Consider your profile picture as the human connection piece to your organization. Whether you are choosing your personal profile picture on a social networking site or a picture that will rest on a “Meet the Staff” page, this is where your users will make their first judgments about you and the quality of your organization.

Even away from the company’s website, you are still a face that represents your business. Use these tips to make sure you draw people in with your confident, professional appearance.

Focus on You:

Since your face is the focus of a profile picture, make sure you are the focus of yours. There should be no one else in your photo, nor animals or distracting objects. Create an uncomplicated background. This does not mean that you have to stand in front of a blank wall, but make sure there isn’t anything to distract people behind you. Have your photographer frame the photo with you in the center. Insure that your head doesn’t look lopped off by leaving the top half or fourth of your torso in the shot.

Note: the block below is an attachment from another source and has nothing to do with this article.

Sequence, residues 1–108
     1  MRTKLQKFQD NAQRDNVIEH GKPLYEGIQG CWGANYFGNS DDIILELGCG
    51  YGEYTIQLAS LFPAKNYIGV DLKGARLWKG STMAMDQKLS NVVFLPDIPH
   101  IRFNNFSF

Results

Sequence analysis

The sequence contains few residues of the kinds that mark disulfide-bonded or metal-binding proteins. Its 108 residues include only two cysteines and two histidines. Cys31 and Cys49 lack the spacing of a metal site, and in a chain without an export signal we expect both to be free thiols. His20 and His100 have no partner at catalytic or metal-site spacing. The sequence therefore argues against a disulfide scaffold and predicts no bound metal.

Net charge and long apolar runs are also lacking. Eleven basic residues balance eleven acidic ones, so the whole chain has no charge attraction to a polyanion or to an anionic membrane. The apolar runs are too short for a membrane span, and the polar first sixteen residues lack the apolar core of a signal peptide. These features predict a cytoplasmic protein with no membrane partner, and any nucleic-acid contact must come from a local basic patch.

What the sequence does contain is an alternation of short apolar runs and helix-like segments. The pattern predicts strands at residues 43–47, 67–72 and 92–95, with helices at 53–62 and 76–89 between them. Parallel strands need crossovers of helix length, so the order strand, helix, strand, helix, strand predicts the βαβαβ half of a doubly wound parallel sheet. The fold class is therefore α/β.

Snap a great pic:

This may seem obvious, but make sure your profile photo is actually a quality image. That means it needs to be well-lit with your face in-focus and sharp. It also means that it needs to be a high-resolution image. Posting a second-rate photo is an easy tip off to a potential client that you are unprofessional and not detail oriented.

Be consistent: